Eventually, at about 80m Darrel and I stopped and very carefully inched our way around the edge of a thicket. We immediately saw the neck and head of a superb bull framed between two bushes; his mouth full of leaf matter. Although the eland hadn’t yet seen us, it was as if in slow motion that I carefully opened the shooting sticks, and grasping Darrel by his forearm slowly pulled him forward. We could’ve opted for an offhand shot, however, I wanted to wait for the bull’s shoulder to appear in the leafy frame rather than take an iffy neck shot. It didn’t take long, for Darrel had hardly settled on the sticks when the eland pushed further into the thicket, his massive head reaching up towards more browse, his broad shoulder presenting for a killing shot.
Above: Darrel with his excellent Cape eland bull taken high up against the sheer Toorberg Mountain cliffs after a lengthy uphill stalk.
With the sound of the .300 Winchester Magnum shot still reverberating in amplified mode along the cliffs, the eland went down hard, the 200gr Nosler Partition having driven home, but then he recovered, spinning through 180º before stumbling downhill. Without wasting time, Darrel ran another shell into the chamber before slipping in an oblique shot behind the ribs. It crumbled the bull. His massive form falling hard, legs kicking, and head flailing, until eventually the darkness of death overcame his huge noble form, leaving us awed and humbled by what we’d been given. It’d been a physically challenging, and exceedingly rewarding stalk, although recovery took hours because of the inaccessibility of the terrain to vehicles.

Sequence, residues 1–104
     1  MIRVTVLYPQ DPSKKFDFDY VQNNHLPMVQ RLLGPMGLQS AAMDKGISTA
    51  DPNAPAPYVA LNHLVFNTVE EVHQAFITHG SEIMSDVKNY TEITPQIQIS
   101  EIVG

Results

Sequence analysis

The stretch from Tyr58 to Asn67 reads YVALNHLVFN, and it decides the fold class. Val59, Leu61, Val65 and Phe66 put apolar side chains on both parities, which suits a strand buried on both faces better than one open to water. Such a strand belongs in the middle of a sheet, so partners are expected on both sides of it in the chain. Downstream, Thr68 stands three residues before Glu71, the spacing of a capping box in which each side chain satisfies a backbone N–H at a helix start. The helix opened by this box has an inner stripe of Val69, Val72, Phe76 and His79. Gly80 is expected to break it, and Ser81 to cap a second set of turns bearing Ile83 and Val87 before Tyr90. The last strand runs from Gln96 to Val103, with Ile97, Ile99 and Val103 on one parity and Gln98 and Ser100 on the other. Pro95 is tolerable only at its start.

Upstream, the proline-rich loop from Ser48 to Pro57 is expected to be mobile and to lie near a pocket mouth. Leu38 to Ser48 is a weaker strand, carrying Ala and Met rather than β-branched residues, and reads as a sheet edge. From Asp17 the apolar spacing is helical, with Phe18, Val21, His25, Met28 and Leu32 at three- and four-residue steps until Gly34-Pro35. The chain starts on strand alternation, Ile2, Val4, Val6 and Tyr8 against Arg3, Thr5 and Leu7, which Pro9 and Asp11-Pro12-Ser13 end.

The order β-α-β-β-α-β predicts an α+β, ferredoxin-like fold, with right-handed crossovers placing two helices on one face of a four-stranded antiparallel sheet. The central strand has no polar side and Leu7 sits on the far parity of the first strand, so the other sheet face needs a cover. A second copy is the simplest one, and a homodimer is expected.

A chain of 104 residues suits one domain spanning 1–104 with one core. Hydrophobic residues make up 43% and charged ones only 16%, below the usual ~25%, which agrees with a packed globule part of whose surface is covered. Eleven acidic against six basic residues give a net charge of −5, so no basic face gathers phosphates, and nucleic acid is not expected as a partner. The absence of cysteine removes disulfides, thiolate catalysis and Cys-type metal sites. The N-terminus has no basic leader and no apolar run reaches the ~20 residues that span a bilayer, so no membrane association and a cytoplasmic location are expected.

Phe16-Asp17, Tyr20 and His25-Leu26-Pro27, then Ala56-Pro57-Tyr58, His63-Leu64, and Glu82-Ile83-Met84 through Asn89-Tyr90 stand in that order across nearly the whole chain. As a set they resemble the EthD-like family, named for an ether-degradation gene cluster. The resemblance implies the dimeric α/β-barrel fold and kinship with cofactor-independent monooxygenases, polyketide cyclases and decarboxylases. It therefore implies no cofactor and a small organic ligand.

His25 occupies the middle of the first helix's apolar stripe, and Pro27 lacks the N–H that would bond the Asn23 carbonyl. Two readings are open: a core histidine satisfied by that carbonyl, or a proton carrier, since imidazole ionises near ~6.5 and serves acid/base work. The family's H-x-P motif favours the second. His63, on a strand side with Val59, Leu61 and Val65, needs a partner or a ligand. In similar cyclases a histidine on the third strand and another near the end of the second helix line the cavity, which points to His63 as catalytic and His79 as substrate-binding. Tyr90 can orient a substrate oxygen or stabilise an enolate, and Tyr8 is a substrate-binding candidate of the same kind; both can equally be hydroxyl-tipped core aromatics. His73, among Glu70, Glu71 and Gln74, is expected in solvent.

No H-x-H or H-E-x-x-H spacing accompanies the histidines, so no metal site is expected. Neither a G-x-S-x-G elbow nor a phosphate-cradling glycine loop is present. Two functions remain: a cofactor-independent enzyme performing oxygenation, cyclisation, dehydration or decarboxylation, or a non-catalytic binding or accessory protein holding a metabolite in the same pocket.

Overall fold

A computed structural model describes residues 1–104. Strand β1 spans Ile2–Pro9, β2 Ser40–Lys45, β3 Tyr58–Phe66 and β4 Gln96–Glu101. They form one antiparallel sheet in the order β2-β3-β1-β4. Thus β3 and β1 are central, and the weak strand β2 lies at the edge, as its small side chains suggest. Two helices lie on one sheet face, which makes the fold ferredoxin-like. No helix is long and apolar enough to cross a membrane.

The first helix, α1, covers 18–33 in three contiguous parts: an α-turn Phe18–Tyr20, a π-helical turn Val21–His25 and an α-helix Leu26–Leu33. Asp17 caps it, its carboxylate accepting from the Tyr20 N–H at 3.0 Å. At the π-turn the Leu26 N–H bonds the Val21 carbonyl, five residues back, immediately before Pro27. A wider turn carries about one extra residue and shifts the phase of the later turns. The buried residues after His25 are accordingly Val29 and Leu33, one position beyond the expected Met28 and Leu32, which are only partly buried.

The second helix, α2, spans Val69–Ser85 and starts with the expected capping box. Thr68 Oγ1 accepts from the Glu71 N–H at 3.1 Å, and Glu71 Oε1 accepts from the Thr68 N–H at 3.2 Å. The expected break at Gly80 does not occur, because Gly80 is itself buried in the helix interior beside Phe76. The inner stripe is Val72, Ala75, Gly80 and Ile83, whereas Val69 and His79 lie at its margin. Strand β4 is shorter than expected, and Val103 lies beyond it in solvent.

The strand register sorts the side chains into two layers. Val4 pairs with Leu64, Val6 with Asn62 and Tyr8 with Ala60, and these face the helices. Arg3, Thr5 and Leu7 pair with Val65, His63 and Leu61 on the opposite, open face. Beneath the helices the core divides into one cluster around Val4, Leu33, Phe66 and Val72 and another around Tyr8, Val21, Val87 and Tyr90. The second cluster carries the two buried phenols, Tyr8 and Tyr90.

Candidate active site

Moving north, hunting the Livingstone’s eland in Zimbabwe is equally, if not more challenging, and despite their size, in areas where they’re hunted, they’re true will of the wisps. Enormous fleeting ghosts of the miombo woodland and mopane forests they live in. There’s little difference between the Cape eland and Livingstone’s eland aside from the latter having white flank stripes. The blue bull description used for both comes from the loss of hair due to age, leaving the dark skin to show through.
Above: The teak forests in western Zimbabwe afford ideal habitat for Livingstone's eland.